New solutions for peritoneal dialysis in adult and pediatric patients

Baxter International Inc., Дирфилд, Illinois, United States
Peritoneal dialysis international: journal of the International Society for Peritoneal Dialysis (Impact Factor: 1.53). 02/1999; 19 Suppl 2:S429-34.
Source: PubMed


Glucose is almost universally used as an osmotic agent in peritoneal dialysis (PD) solutions. The major advantages of glucose are that it produces high ultrafiltration rates at relatively low mass concentrations; it is readily metabolized; it is safe; and it has beneficial nutritional value, especially for patients with poor calorie intake. Glucose-containing solutions are also relatively inexpensive and easy to manufacture. The major drawbacks of glucose as an osmotic agent include inadequate ultrafiltration during long-dwell exchanges, particularly in patients with high peritoneal permeability; worsening of metabolic abnormalities owing to the peritoneal glucose load; and potential local adverse effects in the peritoneum owing to the bioincompatible aspects of standard lactate-buffered PD solutions. Because of the drawbacks, which are indeed applicable in adult patients as well as in pediatric patients, there has been continued research and development of new PD solutions. Efforts have been focused mainly on three areas. The first area is the replacement of glucose with equally small molecular weight substances, such as amino acids, to alter the metabolic profile. The second area is the replacement of glucose with large molecular weight substances such as glucose polymers to enhance ultrafiltration while minimizing absorption of the osmotic agent, thereby reducing metabolic side effects. The final area is providing PD solutions that contain bicarbonate as a buffer and that are thus pH-neutral, with improved biocompatibility profiles. This paper will focus on clinical experience with these three new commercially available solutions.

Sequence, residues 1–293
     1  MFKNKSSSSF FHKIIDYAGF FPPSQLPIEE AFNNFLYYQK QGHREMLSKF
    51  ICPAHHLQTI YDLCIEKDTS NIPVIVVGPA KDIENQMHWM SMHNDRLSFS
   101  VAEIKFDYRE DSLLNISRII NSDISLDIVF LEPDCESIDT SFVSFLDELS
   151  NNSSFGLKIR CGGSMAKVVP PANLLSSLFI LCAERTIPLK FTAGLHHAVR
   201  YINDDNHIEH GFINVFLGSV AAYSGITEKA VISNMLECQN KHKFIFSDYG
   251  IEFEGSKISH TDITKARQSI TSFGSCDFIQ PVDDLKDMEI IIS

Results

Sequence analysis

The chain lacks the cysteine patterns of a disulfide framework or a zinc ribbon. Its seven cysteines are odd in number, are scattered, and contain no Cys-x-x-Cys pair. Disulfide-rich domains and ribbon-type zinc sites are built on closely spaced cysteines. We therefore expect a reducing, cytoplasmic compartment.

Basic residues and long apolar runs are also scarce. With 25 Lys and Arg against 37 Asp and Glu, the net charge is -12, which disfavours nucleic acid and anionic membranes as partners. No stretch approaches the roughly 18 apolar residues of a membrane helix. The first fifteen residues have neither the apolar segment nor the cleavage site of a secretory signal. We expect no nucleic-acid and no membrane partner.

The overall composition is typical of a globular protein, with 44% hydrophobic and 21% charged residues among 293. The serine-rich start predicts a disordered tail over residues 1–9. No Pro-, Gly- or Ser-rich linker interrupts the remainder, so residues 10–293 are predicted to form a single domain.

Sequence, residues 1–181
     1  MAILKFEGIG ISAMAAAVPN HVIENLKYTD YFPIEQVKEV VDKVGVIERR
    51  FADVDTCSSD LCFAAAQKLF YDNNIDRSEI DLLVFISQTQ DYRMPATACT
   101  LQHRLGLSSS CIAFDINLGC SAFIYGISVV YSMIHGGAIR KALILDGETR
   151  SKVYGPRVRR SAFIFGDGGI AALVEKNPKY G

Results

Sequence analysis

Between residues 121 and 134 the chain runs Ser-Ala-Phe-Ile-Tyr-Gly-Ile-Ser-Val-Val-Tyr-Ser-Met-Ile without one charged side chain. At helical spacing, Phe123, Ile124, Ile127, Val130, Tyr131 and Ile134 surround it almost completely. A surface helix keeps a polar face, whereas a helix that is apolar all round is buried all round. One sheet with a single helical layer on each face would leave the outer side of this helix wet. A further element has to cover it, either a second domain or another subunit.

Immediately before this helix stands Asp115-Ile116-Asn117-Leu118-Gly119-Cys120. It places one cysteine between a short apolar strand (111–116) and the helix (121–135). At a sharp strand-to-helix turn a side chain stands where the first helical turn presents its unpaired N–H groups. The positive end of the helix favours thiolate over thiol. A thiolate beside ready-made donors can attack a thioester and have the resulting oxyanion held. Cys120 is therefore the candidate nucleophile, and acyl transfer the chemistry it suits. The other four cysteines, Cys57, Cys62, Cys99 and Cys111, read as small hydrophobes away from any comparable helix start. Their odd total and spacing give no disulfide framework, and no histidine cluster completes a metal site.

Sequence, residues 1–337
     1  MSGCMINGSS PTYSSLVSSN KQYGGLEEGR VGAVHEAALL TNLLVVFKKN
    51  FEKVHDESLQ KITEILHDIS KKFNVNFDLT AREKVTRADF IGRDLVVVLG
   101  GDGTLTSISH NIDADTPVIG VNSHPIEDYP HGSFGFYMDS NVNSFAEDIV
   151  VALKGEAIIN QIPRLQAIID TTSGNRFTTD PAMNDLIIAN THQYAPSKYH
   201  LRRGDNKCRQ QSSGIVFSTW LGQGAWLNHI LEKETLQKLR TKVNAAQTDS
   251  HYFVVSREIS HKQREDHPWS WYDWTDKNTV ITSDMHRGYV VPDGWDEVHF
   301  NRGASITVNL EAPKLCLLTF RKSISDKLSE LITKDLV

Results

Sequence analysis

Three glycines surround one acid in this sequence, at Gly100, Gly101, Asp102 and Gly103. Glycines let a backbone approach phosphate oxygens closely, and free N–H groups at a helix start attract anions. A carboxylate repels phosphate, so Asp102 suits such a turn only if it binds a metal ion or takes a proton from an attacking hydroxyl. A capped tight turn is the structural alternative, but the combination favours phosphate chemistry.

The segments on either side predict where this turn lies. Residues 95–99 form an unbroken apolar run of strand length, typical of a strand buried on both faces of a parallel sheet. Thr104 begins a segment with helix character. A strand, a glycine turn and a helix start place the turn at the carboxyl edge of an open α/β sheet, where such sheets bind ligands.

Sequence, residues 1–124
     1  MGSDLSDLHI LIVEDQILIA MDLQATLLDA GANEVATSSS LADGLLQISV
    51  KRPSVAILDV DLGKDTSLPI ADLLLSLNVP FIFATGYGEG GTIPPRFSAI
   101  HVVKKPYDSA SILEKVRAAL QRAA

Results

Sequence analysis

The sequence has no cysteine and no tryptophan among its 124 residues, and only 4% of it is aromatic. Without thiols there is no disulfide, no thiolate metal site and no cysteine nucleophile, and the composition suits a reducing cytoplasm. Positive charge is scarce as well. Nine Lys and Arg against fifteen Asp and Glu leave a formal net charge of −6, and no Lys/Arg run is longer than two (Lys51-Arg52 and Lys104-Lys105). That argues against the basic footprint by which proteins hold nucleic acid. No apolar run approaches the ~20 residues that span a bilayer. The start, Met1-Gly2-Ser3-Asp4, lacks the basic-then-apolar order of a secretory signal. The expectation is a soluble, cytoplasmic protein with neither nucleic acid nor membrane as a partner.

Download full-text


Available from: Ty R Shockley, Sep 10, 2014
  • Source
    [Show abstract] [Hide abstract]